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Climate of the Past An interactive open-access journal of the European Geosciences Union
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Volume 9, issue 2
Clim. Past, 9, 859–870, 2013
https://doi.org/10.5194/cp-9-859-2013
© Author(s) 2013. This work is distributed under
the Creative Commons Attribution 3.0 License.
Clim. Past, 9, 859–870, 2013
https://doi.org/10.5194/cp-9-859-2013
© Author(s) 2013. This work is distributed under
the Creative Commons Attribution 3.0 License.

Research article 22 Mar 2013

Research article | 22 Mar 2013

Mismatch between the depth habitat of planktonic foraminifera and the calibration depth of SST transfer functions may bias reconstructions

R. J. Telford1,2, C. Li2,3, and M. Kucera4 R. J. Telford et al.
  • 1Department of Biology, University of Bergen, Thormøhlensgate 53A, 5006 Bergen, Norway
  • 2Bjerknes Centre for Climate Research, Allégaten 55, 5007 Bergen, Norway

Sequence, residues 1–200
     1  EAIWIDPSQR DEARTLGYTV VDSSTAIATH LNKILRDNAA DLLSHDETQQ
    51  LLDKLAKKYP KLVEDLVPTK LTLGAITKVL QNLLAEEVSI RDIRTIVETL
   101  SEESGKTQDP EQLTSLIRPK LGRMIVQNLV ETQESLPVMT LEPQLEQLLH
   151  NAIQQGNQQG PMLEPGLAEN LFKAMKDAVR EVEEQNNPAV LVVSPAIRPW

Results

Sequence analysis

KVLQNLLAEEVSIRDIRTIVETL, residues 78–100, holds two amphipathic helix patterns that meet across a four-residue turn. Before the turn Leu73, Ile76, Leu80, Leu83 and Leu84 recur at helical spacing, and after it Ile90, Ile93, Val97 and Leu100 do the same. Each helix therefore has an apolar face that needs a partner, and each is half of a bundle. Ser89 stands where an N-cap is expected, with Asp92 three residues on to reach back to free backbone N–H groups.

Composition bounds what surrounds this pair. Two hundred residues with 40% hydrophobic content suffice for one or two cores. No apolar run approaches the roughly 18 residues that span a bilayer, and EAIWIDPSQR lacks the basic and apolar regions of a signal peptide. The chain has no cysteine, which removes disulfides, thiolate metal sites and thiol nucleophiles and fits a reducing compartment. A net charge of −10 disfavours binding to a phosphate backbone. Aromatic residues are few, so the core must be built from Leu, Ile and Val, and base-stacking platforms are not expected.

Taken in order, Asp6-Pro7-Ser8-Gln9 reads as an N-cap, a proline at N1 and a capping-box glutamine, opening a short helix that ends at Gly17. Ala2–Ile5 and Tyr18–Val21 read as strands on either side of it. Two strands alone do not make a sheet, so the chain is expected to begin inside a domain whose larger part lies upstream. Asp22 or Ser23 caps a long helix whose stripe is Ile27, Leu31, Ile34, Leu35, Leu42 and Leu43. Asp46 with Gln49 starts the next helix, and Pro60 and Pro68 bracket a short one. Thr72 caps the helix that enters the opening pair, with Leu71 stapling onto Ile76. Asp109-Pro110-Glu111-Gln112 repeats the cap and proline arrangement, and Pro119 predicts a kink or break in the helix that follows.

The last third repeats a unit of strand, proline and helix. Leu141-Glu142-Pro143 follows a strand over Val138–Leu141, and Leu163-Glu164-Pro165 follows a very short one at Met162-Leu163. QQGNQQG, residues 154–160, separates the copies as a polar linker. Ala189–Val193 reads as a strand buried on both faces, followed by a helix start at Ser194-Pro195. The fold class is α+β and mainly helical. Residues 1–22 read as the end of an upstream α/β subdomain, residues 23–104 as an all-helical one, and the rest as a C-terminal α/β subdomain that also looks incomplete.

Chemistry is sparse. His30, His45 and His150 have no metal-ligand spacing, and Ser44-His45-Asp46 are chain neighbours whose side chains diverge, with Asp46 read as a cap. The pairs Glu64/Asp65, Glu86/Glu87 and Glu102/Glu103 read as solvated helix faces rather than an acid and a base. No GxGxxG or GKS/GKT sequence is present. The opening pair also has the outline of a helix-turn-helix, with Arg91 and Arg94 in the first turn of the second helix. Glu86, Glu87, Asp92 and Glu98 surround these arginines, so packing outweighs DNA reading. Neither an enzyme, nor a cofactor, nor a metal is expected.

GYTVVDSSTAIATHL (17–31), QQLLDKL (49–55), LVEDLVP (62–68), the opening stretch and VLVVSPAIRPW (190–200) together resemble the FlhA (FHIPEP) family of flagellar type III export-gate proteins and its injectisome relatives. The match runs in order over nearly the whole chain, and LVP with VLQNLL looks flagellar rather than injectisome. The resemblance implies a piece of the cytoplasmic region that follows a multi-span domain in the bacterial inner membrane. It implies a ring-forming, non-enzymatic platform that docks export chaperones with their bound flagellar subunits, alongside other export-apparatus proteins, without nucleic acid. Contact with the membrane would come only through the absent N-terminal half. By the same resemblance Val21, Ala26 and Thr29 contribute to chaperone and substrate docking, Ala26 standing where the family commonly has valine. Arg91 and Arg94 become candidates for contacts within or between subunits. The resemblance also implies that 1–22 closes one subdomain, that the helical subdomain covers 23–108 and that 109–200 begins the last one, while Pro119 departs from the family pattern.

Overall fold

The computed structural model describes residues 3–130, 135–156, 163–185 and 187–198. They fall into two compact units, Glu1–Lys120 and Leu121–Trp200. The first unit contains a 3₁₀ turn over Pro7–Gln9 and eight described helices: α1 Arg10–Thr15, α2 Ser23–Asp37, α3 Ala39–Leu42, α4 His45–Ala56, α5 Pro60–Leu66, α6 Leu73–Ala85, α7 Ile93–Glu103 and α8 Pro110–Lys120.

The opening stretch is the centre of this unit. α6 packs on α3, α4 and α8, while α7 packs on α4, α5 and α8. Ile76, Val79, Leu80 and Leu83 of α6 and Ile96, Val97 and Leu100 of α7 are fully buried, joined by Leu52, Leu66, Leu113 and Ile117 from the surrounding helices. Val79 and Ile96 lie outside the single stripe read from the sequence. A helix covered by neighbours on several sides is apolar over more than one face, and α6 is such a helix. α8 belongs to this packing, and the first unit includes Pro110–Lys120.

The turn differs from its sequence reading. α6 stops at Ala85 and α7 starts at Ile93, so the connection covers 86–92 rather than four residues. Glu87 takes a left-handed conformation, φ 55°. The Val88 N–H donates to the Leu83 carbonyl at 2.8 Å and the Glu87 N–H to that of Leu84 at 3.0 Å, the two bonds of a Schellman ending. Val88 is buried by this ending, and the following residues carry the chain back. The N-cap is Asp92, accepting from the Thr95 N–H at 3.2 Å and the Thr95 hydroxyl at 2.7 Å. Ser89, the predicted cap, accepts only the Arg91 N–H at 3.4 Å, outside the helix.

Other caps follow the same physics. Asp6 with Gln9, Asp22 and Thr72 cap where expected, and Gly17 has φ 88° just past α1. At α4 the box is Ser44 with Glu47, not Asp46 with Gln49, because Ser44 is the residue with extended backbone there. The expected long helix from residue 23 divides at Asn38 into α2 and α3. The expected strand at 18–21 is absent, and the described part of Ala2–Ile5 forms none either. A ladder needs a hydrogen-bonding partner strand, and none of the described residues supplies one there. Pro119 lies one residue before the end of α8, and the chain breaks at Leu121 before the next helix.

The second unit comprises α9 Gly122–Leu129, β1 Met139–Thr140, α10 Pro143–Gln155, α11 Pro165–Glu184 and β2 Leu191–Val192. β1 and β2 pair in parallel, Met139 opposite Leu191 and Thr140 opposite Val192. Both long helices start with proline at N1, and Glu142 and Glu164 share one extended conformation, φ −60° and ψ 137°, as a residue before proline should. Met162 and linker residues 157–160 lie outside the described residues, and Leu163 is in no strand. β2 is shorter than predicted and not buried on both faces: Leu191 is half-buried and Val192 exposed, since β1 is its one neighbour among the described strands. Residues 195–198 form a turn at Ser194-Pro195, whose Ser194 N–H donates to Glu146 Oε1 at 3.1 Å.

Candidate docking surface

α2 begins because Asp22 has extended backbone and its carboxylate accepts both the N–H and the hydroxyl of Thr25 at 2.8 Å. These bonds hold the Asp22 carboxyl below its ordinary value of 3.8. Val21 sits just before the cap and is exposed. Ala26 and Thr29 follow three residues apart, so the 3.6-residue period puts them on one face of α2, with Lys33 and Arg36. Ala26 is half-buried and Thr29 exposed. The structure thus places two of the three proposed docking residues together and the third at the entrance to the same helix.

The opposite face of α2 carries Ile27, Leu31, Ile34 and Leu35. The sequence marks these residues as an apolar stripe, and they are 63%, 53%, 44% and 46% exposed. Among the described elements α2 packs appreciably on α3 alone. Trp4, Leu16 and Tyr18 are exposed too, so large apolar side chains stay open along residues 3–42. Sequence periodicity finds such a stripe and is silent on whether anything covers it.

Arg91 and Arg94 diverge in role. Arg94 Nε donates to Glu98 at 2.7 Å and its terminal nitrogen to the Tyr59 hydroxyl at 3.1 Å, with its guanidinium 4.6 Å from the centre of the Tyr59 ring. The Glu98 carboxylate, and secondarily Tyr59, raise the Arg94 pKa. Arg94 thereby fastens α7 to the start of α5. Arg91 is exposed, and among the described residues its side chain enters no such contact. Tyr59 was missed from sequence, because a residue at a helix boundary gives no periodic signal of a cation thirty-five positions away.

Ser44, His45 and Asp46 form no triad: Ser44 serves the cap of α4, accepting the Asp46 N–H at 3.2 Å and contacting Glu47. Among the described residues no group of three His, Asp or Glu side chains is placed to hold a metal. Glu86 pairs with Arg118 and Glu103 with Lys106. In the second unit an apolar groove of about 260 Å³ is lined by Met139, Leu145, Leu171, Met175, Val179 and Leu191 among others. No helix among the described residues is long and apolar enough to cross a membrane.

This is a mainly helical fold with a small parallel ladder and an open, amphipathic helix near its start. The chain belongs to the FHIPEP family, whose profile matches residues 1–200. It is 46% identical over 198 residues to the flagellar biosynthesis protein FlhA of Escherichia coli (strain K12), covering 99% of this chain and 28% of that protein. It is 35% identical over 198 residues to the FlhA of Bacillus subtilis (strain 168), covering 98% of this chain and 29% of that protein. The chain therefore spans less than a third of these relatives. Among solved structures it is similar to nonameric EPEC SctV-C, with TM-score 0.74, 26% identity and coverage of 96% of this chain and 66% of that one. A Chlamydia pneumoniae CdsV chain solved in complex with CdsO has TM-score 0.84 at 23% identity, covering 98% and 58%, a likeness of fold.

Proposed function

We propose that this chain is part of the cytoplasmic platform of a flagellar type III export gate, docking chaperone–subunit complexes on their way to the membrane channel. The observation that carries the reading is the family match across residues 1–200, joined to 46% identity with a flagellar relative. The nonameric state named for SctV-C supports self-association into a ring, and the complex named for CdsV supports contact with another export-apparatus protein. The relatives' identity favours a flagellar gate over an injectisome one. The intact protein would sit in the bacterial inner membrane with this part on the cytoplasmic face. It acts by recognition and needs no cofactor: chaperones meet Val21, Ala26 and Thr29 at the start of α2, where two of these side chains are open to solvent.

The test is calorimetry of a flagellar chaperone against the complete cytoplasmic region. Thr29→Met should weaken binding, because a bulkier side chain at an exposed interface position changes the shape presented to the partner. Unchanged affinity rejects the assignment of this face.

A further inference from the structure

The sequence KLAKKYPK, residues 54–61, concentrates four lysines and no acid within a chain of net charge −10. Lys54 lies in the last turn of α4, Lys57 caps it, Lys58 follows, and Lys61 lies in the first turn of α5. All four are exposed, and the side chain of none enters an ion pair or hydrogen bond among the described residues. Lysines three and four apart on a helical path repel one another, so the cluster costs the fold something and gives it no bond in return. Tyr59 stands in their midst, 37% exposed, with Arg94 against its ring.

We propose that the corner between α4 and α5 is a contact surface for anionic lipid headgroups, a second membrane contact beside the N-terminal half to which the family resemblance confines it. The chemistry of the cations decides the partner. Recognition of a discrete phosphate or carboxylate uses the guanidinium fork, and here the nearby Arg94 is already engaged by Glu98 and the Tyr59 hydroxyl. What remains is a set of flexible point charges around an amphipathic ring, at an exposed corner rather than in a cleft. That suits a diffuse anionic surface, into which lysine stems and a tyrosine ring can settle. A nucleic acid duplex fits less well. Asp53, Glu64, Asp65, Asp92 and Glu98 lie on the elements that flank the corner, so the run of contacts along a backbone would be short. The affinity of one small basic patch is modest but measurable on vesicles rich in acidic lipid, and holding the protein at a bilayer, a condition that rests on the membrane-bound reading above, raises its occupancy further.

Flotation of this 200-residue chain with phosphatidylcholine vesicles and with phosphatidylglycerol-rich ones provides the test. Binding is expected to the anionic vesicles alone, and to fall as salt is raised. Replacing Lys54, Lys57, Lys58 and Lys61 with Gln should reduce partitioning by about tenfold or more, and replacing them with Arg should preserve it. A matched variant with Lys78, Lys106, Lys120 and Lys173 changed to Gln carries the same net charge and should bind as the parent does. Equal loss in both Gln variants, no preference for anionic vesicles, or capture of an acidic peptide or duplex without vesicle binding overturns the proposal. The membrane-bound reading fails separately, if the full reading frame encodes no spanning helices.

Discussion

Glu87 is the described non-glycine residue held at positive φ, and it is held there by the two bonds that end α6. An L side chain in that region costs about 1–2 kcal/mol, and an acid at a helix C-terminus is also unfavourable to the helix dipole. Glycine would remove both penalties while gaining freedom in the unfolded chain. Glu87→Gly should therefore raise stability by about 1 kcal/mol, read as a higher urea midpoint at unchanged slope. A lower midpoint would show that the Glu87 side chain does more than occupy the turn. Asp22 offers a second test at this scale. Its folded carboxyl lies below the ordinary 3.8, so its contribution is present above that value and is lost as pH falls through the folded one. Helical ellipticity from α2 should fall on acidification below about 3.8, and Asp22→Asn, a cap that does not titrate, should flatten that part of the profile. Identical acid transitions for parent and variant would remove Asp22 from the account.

• 3Geophysical Institute, University of Bergen, Allégaten 70, 5008 Bergen, Norway
  • 4MARUM & Fachbereich Geowissenschaften, Universität Bremen, Leobener Strasse, 28359 Bremen, Germany

Abstract. We demonstrate that the temperature signal in the planktonic foraminifera assemblage data from the North Atlantic typically does not originate from near-surface waters and argue that this has the potential to bias sea surface temperature reconstructions using transfer functions calibrated against near-surface temperatures if the thermal structure of the upper few hundred metres of ocean changes over time. CMIP5 climate models indicate that ocean thermal structure in the North Atlantic changed between the Last Glacial Maximum (LGM) and the pre-industrial (PI), with some regions, mainly in the tropics, of the LGM ocean lacking good thermal analogues in the PI.

Transfer functions calibrated against different depths reconstruct a marked subsurface cooling in parts of the tropical North Atlantic during the last glacial, in contrast to previous studies that reconstruct only a modest cooling. These possible biases in temperature reconstructions may affect estimates of climate sensitivity based on the difference between LGM and pre-industrial climate. Quantifying these biases has the potential to alter our understanding of LGM climate and improve estimates of climate sensitivity.

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